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Police were called to the crash on Highsted Rd last night. Photo: Supplied
Photo: ODT files.
Police have been ordered to pay one of their own nearly $10,000 after their prosecution of his alleged domestic violence showed "clear negligence".

Judge Kevin Phillips, who made the costs order, said police had been “blinkered” in their approach to the case, and expressed concern investigators ignored the advice of senior staff to pull the charges.

The defendant — who has permanent name suppression — was stood down from his work and had his promotion withdrawn.

He had his bail opposed when he first appeared in the Dunedin District Court and only had it granted on the condition he live in the sleepout of a police colleague.

“As a relatively senior officer, he was, in my opinion, treated in a manner that could only be described as different from the way in which the average person would have been dealt with on such allegations,” the judge said in a recent written decision.

The man was charged with assaulting his partner and unlawfully possessing a semi-automatic firearm following a police callout in the early hours of December 21, 2019, both of which were ultimately dismissed.

Judge Phillips raised concerns about the case proceeding to judge-alone trial at its outset in August last year but police stood by their decision to continue with the prosecution.

The complainant, the officer’s wife, called emergency services claiming the defendant had returned home intoxicated and had struck her in the face.

She claimed to have felt “unsafe” but later admitted following the man around as he prepared to go to bed, at one stage using a key to access a sleepout to continue their argument.

When police arrived, the woman admitted she had consumed a bottle of wine through the evening and police were aware she was an alcoholic.

They were also aware that the defendant had recorded much of the incident on his cellphone.

Judge Phillips said it painted a clear picture of the dynamics.
“The person who was clearly the aggressor during the incident was [the complainant] ... she was making repeated comments about the defendant relating to his sexual background in an offensive way, and the defendant did not respond aggressively, physically or anything to this provocation. He appeared to be acting in a most controlled way,” Judge Phillips said.

The investigating officers had access to the man’s phone but appeared to have disregarded the footage, the judge said.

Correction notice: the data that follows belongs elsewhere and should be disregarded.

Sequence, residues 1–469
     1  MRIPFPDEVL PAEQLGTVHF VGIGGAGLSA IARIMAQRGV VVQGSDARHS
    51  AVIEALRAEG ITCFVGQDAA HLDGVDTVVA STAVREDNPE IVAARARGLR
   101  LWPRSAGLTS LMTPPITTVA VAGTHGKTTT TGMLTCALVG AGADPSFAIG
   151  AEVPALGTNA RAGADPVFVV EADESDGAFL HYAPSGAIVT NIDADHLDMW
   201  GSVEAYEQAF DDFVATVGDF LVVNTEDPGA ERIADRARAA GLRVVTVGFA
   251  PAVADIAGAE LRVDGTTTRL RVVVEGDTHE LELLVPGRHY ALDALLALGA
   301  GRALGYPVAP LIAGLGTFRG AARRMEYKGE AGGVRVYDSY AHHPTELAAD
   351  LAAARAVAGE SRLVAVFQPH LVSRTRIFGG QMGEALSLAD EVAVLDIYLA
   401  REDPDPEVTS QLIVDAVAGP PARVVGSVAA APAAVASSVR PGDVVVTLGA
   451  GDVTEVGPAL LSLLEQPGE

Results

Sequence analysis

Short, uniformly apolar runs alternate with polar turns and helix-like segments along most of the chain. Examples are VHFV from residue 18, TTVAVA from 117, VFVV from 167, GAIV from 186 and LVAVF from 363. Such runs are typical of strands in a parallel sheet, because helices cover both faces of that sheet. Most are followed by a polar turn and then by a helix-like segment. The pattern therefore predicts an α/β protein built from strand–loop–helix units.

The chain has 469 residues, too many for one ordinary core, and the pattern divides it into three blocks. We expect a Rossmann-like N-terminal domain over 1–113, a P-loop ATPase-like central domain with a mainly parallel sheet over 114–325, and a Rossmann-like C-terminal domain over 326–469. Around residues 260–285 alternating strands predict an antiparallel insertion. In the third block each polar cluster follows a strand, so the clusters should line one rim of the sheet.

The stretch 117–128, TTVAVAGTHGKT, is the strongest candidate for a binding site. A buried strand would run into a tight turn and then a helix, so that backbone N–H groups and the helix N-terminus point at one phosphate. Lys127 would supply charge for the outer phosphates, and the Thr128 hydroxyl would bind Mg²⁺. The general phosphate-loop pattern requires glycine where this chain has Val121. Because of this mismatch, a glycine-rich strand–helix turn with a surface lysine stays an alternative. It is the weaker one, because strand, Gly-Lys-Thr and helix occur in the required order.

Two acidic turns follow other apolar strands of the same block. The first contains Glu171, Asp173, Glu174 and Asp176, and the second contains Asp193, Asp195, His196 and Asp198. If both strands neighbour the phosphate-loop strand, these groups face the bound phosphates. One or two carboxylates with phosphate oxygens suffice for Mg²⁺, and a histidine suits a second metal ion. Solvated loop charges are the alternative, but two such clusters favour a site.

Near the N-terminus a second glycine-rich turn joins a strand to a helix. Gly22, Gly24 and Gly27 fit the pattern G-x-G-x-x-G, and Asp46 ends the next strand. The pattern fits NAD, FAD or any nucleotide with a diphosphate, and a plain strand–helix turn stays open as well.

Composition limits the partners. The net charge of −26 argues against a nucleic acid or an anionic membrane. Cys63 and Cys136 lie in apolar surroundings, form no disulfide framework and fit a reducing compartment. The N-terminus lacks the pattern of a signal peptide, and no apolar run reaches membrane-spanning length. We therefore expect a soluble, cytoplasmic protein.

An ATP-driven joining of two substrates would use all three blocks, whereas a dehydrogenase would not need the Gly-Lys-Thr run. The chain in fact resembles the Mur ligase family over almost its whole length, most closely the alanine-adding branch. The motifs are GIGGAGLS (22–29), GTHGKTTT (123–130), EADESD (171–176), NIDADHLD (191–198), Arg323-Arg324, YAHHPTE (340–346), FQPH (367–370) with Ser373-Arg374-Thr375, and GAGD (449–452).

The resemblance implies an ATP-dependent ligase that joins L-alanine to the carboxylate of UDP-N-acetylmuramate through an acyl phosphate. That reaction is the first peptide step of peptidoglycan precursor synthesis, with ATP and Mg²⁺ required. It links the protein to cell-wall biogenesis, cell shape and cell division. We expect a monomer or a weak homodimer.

Counsel Anne Stevens QC said there were clear issues with the complainant’s reliability from the outset, not least because she expressed a desire to withdraw her complaint within hours of the incident.

The woman messaged the officer in charge of the case: “Thanks for calling re last night’s callout. I’m fine. I wasn’t assaulted by [the defendant], it was me who hit him. I’ll call into the station later to make an official statement.”

After consulting a lawyer, she opted not to change her statement but Judge Phillips said it had to raise red flags with the police.

Indeed it did.

A senior officer from outside Dunedin advised colleagues not to continue the prosecution and the judge said it was particularly concerning that his expressed advice had been ignored.

“It was not a reasonable and proper investigation, but one that was entirely blinkered in its approach ...

‘‘In my view the investigation was conducted in an entirely subjective manner and lacked any objectivity,” Judge Phillips said.

He described the situation an example of “clear negligence by the police prosecution investigation team”.

The judge made a costs order of $9740 in favour of the defendant, who was still employed by police.

A spokeswoman said police were unable to comment.


I now can only comment that by the clear negligence of the police prosecution investigation team that they now should be promoted sideways to the road policing squad and specialise in the art of apprehending speeding motorists. AKA as "revenue collecting"

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